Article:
Yes, it's important to keep your kids off drugs, but passing a law and trying to hide it from them isn't going to work.
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  10. #24
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    Quote Originally Posted by Tom G View Post
    I think the manufacture of meth should be a capital crime. That is about the only way I can think of to stop it.
    Like use is already.

    Remember hunters, LEOs consider you on the frontlines in the meth war, because you are liable to stumble upon a lab while hunting.

    Off topic, I'd like to add to the list of capital offenses: Drug dealing (dealing death), arson (firefighters have to go in and put their lives at risk).
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  11. #25
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    Quote Originally Posted by sailormnop View Post
    Legalize it. Make it freely available. Then the users won't have to hide and our kids will see the results first-hand. Those people in the pictures above will be walking around Walmart and everyone will be able to tell they are users.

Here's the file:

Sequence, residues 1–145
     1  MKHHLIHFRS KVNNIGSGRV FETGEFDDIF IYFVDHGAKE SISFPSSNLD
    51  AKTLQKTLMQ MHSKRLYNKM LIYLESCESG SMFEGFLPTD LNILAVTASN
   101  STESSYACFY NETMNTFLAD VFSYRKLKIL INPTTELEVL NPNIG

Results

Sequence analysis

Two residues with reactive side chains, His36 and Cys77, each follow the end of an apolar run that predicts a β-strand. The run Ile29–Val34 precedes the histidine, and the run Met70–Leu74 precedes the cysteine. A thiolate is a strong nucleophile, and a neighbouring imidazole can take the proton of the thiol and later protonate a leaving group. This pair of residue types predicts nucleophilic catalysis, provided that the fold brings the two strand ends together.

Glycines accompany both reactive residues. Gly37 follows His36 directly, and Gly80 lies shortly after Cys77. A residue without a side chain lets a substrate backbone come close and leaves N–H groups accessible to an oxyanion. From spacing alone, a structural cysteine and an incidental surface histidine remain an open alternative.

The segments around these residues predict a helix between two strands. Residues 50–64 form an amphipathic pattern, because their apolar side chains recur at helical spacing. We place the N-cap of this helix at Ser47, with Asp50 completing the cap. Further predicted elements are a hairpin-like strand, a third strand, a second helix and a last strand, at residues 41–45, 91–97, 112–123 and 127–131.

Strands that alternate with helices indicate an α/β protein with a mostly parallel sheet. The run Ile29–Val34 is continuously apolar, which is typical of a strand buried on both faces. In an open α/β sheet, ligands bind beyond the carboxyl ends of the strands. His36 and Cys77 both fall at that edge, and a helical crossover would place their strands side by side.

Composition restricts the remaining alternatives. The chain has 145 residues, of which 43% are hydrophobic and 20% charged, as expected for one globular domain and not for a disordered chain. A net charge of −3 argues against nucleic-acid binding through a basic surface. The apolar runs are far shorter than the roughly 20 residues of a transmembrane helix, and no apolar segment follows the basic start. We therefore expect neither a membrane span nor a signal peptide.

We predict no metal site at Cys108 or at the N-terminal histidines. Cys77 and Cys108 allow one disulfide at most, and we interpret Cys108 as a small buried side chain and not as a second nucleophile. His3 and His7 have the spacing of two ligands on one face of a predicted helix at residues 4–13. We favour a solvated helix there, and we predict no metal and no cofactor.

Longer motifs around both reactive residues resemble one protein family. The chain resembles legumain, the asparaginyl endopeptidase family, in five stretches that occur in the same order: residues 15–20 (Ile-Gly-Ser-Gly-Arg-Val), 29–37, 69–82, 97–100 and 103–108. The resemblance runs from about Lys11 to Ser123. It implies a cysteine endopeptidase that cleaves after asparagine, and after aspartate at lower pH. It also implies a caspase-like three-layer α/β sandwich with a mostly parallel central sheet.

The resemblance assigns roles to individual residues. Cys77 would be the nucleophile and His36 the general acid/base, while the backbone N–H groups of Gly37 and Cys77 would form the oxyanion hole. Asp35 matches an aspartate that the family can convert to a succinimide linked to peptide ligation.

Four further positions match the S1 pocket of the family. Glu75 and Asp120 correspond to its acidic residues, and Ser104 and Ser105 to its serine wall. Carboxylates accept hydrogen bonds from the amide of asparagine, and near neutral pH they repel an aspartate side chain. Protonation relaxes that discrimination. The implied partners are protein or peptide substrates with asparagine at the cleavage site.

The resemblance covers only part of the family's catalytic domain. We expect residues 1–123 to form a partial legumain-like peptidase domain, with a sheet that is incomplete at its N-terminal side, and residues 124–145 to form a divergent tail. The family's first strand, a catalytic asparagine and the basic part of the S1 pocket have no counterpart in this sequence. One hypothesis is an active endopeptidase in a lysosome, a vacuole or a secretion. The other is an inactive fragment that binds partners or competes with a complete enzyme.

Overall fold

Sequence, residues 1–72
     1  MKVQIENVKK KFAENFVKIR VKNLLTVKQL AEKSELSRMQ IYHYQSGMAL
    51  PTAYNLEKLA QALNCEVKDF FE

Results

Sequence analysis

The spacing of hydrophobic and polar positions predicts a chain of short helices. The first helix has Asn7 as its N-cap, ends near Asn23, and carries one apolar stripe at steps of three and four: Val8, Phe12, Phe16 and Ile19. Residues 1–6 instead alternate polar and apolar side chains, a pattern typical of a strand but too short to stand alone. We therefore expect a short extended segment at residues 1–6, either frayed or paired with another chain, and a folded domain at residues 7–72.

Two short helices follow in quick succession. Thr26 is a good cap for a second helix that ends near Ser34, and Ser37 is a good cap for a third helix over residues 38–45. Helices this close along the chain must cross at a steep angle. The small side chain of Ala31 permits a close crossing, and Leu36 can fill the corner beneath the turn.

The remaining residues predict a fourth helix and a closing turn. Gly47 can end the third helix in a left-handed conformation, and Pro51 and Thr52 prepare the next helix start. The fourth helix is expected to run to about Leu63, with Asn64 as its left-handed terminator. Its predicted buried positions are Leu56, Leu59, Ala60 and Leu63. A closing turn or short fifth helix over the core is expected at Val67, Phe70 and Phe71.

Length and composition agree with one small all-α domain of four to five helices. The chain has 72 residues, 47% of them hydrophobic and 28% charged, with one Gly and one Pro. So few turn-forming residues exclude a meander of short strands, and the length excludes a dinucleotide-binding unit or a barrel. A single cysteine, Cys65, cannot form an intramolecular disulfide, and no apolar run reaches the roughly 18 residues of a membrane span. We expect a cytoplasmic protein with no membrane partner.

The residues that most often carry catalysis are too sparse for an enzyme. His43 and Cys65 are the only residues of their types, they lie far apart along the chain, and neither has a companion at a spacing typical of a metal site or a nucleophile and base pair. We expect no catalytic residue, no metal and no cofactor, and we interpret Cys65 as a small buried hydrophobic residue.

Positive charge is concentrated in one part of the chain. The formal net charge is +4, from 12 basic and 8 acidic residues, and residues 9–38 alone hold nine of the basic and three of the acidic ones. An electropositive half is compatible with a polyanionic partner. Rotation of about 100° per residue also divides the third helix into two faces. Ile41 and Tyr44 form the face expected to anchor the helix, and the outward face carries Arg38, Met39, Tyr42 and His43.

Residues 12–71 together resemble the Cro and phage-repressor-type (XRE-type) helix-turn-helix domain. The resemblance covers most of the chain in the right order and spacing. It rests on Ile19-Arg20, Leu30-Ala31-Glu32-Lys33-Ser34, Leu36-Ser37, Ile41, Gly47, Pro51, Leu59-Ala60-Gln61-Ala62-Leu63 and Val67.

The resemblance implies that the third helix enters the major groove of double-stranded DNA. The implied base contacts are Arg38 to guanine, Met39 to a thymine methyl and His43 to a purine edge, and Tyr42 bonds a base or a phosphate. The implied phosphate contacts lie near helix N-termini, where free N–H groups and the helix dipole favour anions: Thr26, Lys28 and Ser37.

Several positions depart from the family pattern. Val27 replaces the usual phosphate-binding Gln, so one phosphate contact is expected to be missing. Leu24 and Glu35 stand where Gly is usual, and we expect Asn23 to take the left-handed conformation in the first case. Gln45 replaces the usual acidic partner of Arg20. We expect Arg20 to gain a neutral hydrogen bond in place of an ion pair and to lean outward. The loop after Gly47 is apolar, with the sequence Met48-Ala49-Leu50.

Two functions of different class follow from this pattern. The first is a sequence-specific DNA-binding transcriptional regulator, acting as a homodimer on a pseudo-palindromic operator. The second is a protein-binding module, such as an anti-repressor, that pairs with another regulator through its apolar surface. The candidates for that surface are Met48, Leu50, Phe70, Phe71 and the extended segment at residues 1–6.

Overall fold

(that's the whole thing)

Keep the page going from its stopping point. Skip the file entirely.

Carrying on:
Also, if you legalize it, there won't be any money in it anymore. The corollary crimes associated with Meth will stop - nothing to kill anybody over anymore.

    This damn drug war only serves to make criminals rich and make criminals out of harmless people, filling up the jails and costing us billions of tax dollars.

    Yes, it's important to keep your kids off drugs, but passing a law and trying to hide it from them isn't going to work.
    Hey now, don't try to save us 80+ billion a year in a failed War. That's insane. I totally agree for anyone that didn't catch the sarcasm. Punish people for their crimes against other individuals, not for hurting theirselves.
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  12. #26
    Ex Member Array Pete's Avatar
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    Drugs aren't a victimless crime anymore.
    Sure, if they were just smoking a little bud and wandering around in the sunshine muttering that 'it's a beautiful day' then there isn't a basis for a war on drugs.